Tyrone assistant manager Gavin Devlin has fired back at Sean Cavanagh's recent criticism of Mickey Harte, claiming a "great captain" would have aired their grievances while still playing and not from the comfort of the RTÉ studio.
In the days before Tyrone's Ulster SFC quarter-final defeat to Monaghan, Cavanagh, present at an Electric Ireland event, described Harte's style as "autocratic".
The three-time All-Ireland medal-winner, who retired at the end of last year, said Tyrone forwards have suffered under Harte's counter-attacking system, which places a premium on attacking from deep.
“The way Tyrone has played this past three or four years, we haven’t played with any structure in the forward unit," Cavanagh remarked.
“Ronan O’Neill, Darren McCurry, Kyle Coney, who came through way back in 2009, 2010, Niall McKenna, there’s been a flood of guys who probably have suffered because we haven’t played with six attackers.
"Some of those guys I would have called marquee, and thought they would be marquee, but because they never had that room to breathe, and because some of them couldn’t cope with having to spend more time on the bench, because we were going towards a certain type of player, they struggled.”
Devlin, who played alongside Cavanagh, believes it reflects poorly on the Moy man that he chose not to make his feelings known while captain of the Tyrone team, waiting instead until he had moved into the punditry game.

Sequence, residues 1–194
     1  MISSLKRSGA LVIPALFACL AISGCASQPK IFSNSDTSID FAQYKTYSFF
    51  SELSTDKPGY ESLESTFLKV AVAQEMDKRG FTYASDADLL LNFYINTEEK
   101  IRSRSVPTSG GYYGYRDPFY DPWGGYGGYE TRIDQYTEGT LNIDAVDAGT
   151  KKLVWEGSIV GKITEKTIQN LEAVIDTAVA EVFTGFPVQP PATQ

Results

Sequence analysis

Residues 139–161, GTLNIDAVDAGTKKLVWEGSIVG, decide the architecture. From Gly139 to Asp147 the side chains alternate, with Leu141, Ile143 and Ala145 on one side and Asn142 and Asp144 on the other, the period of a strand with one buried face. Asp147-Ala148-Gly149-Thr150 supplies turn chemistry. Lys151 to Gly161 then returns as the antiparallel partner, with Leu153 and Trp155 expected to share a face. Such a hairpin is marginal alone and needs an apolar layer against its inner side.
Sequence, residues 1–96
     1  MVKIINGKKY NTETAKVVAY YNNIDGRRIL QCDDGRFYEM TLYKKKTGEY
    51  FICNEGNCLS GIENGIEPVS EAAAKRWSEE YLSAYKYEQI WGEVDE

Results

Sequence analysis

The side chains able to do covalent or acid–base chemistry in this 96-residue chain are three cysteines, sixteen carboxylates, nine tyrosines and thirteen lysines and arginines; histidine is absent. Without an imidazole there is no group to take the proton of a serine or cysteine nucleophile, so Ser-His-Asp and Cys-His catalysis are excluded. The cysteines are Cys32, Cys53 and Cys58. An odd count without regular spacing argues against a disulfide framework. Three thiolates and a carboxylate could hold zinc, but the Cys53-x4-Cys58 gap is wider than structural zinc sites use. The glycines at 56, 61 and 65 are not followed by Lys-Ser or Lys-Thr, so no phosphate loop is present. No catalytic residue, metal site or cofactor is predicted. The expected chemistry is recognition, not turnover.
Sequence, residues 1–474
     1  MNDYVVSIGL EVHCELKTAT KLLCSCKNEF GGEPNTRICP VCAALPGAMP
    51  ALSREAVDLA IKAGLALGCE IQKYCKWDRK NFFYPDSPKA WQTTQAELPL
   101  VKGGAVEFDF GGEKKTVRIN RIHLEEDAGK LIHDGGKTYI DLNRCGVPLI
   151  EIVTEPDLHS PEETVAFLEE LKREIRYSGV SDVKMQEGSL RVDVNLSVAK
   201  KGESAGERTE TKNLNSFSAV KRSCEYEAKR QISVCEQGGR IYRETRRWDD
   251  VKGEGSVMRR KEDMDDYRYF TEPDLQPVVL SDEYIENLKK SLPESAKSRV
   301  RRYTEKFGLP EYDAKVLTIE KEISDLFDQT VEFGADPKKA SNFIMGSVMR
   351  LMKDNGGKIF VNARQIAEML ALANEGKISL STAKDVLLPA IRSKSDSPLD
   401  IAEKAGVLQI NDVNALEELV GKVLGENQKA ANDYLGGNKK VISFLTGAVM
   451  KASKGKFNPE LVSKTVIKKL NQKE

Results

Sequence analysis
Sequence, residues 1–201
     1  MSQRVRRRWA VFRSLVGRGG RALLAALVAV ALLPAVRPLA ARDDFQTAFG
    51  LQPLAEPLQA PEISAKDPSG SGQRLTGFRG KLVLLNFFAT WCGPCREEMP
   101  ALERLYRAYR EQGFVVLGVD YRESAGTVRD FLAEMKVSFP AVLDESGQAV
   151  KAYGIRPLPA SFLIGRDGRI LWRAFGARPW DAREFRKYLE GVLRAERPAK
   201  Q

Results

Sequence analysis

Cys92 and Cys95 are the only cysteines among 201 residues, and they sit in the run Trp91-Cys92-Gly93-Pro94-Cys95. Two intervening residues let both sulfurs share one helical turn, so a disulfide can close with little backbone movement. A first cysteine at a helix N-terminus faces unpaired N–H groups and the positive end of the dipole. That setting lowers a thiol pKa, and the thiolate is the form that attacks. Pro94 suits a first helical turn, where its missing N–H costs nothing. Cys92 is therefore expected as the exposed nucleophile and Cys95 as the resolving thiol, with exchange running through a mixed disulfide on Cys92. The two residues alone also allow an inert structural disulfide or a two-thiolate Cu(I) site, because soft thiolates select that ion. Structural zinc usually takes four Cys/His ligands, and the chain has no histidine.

He also insinuated that Tyrone's shortcomings in recent years were linked to not having a captain of such stature as Peter Canavan or Brian Dooher.
“I know Sean was the captain of our team for a number of years. I didn’t see myself as a great player but I played in a number of successful teams.
"Any team that I was ever involved in always had great captains and anyone of those captains - whether it be Brian Dooher, Peter Canavan or Cormac McAnallen - they would have said something if they felt something wasn’t right," Devlin told The Irish News.
“If I had been captain, I have no doubt that I could have met Mickey and said: ‘Mickey, I think this is what we should do,’ or ‘What about trying this?’
“That’s my opinion on it. The captains we’ve had in the past, I’ve no doubt would have come to Mickey and had their say.
“We’ve been very, very close in recent years and we didn’t get over the line to win an All-Ireland.
"Maybe that’s what was missing, that calibre of captaincy.”
Another Tyrone All-Ireland winner, Stephen O'Neill, was brought on board at the outset of the 2018 campaign to work with the Red Hand forwards. Devlin commended O'Neill for giving back and also insisted that Tyrone are "comfortable" with their approach.
“For the likes of Stevie O’Neill, they’ve all come back and put their shoulder to the wheel. There are no big, brown envelopes in Tyrone.
"We’re more than comfortable the way the game is being played. Of course, you evolve and you add value to what you do. You’re never the finished article. I know the set of players we have and what they have to offer.”
Tyrone are away to Meath in the opening round of the qualifiers on June 9.